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Introduction to Python

Membership Operators and Types ComparisonMembership Operators and Types Comparison

So far, we've discussed the primary comparison operators commonly used for numbers and strings. Python also offers membership operators that allow you to determine if a certain sequence exists within an object.

In Python, sequence objects include strings, lists, tuples, and more. We'll delve into these in the next section.

The membership operators are in and not in. If the sequence exists within an object, the in operator will return True. For instance, let's see if the letter 'n' is in the word 'codefinity'.

A True result indicates that the letter was found in the given word. Conversely, the not in operator checks if a certain sequence does not exist within an object. At times, we might need to verify whether an object is of a particular type. For instance, if we're writing a program to divide an input value by 2, we need to ensure the value is numerical; otherwise, the operation won't work. There are two methods to determine if a value is of a specific type:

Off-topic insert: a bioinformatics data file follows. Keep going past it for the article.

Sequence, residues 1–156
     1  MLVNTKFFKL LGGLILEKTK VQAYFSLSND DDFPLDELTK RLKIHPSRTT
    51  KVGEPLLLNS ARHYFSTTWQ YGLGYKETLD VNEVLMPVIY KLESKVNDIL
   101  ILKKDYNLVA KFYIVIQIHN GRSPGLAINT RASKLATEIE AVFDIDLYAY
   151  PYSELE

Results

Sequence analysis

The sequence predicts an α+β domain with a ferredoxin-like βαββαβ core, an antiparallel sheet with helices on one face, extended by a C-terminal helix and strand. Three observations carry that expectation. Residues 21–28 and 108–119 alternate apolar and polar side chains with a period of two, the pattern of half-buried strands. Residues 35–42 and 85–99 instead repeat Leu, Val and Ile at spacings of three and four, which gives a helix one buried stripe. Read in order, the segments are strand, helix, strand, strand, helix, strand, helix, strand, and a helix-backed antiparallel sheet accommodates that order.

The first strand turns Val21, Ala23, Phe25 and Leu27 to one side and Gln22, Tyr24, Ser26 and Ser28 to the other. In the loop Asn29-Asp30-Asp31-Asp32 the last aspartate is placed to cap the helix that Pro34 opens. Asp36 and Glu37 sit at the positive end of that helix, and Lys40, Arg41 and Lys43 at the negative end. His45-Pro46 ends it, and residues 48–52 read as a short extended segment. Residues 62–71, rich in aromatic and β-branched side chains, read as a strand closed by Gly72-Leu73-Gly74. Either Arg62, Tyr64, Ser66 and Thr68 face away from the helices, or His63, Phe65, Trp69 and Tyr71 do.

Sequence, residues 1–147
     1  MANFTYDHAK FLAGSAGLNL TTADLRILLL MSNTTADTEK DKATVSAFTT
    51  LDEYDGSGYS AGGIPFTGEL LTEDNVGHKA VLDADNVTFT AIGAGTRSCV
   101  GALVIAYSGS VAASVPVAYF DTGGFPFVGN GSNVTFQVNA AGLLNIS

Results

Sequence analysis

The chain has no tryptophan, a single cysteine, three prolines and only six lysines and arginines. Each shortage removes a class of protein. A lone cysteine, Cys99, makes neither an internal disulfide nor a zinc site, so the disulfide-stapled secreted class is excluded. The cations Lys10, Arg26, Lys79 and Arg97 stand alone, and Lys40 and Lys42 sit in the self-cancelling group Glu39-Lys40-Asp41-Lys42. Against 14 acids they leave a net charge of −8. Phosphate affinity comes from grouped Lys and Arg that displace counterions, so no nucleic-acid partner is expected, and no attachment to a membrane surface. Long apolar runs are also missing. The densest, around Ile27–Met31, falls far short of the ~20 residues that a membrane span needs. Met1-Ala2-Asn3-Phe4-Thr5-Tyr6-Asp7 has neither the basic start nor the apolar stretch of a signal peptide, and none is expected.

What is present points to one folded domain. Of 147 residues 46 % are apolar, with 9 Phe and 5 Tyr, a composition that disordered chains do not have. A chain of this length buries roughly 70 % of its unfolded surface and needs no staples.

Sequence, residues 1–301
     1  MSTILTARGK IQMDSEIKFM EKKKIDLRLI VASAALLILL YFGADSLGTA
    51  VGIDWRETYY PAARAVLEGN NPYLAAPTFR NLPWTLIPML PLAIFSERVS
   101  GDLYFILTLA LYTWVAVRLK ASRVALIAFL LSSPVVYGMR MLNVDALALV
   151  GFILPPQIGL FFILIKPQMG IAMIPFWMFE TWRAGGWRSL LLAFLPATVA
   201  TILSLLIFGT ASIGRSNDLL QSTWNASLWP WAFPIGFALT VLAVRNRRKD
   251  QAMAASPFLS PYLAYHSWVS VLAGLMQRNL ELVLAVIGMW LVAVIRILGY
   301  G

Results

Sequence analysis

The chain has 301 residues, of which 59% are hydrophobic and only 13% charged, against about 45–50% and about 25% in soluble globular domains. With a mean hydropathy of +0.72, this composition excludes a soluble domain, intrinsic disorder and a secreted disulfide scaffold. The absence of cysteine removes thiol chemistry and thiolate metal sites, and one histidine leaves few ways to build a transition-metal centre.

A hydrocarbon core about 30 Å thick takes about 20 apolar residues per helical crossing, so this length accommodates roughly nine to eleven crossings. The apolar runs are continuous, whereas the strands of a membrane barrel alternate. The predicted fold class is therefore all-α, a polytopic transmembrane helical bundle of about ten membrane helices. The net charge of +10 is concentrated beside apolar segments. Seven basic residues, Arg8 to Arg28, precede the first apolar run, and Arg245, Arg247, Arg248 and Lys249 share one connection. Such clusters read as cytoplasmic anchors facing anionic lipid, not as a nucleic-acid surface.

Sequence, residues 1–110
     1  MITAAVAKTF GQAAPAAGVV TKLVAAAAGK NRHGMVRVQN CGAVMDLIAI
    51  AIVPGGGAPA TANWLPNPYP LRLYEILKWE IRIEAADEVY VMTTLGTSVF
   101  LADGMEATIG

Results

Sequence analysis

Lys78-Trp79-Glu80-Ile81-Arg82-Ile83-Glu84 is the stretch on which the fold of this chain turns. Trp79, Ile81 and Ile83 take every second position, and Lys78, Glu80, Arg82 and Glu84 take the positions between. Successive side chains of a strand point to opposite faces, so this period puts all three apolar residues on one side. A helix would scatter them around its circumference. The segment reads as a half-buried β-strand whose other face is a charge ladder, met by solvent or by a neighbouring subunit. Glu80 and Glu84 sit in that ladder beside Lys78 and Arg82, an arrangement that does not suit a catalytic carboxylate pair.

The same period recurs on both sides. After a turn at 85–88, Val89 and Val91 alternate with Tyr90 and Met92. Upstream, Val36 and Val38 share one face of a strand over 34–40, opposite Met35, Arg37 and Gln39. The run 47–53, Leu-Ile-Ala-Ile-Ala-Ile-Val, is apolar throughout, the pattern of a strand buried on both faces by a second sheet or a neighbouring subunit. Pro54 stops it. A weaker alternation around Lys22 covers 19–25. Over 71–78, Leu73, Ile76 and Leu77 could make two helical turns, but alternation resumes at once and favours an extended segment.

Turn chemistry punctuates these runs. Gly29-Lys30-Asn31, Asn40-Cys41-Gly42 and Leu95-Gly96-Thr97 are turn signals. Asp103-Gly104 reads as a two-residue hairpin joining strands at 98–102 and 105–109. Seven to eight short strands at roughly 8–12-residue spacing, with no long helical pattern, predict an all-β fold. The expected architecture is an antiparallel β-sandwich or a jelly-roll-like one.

• One approach is to compare a variable's type to the desired type using the is operator. For instance, type(var) is int will return True only if the var variable's value is an integer.
  • Alternatively, you can use the isinstance() function. This function requires two arguments: the first is the value whose type you wish to verify, and the second is the type to compare against. For example, isinstance(var, int) will also return True only if the value in the var variable is an integer.

To illustrate, let's determine if 3.5 is an integer.

As demonstrated, both methods returned False because 3.5 is a float and not an integer (int).

Everything was clear?

Section 3. Chapter 5